Why Extending Unemployment Benefits Should Be Part of the Budget Deal
The recent budget deal announced by leaders in Congress has left out one very important provision for those struggling to find work, the extension of emergency unemployment insurance benefits. On December 28, 1.3 million long term unemployed workers, including 16,000 West Virginians, will lose their unemployment benefits.
As I previously discussed here, these benefits increased the number of weeks that unemployed workers could collect unemployment insurance benefits. Now, the looming expiration comes at a time when long- term unemployment remains a big problem for the country. In fact, it is the long-term unemployed that are keeping the unemployment rate above pre-recession levels. As this chart shows, the unemployment rate of those who are unemployed for only a short period of time is back down to pre-recession levels. It is for those who go months without finding a job where the unemployment crisis lingers.
And for those who are unemployed, it is still very difficult to find a job. Currently there are still three unemployed workers for every job opening. And not only are the odds against them, the long-term unemployed often face discrimination from potential employers, creating a stigma for the workers and keeping them unemployed even longer.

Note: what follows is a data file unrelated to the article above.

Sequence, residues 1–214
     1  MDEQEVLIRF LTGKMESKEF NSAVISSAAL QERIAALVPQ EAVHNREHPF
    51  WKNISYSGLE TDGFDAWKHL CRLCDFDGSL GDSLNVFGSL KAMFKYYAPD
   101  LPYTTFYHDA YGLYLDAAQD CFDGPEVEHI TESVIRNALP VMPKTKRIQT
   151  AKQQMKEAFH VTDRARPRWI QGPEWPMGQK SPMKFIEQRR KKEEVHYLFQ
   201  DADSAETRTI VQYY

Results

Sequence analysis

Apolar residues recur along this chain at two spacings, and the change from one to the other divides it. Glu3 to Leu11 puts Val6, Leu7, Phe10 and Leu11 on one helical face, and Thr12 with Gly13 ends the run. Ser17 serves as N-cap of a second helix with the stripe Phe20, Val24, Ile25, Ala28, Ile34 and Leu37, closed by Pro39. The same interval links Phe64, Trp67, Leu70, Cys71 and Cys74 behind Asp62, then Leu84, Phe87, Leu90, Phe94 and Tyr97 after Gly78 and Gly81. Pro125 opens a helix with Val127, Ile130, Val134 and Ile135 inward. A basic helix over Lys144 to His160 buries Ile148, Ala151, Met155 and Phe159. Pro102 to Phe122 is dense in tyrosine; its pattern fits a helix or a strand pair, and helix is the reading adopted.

As the above chart shows, the ratio of job seekers per job opening is worse now than its peak during the previous recession. Ending extended emergency unemployment benefits while the long-term unemployment rate is so high would be unprecedented. The current long-term unemployment rate is much higher than it was when any of the previous emergency extensions were ended.
There are millions of workers struggling to find work in a still-fragile economy. Failure to extend federal unemployment programs would mean less spending by unemployed workers and their families, hurting the economy and threatening the weak recovery. Emergency benefits are an effective tool at helping both workers and the overall economy.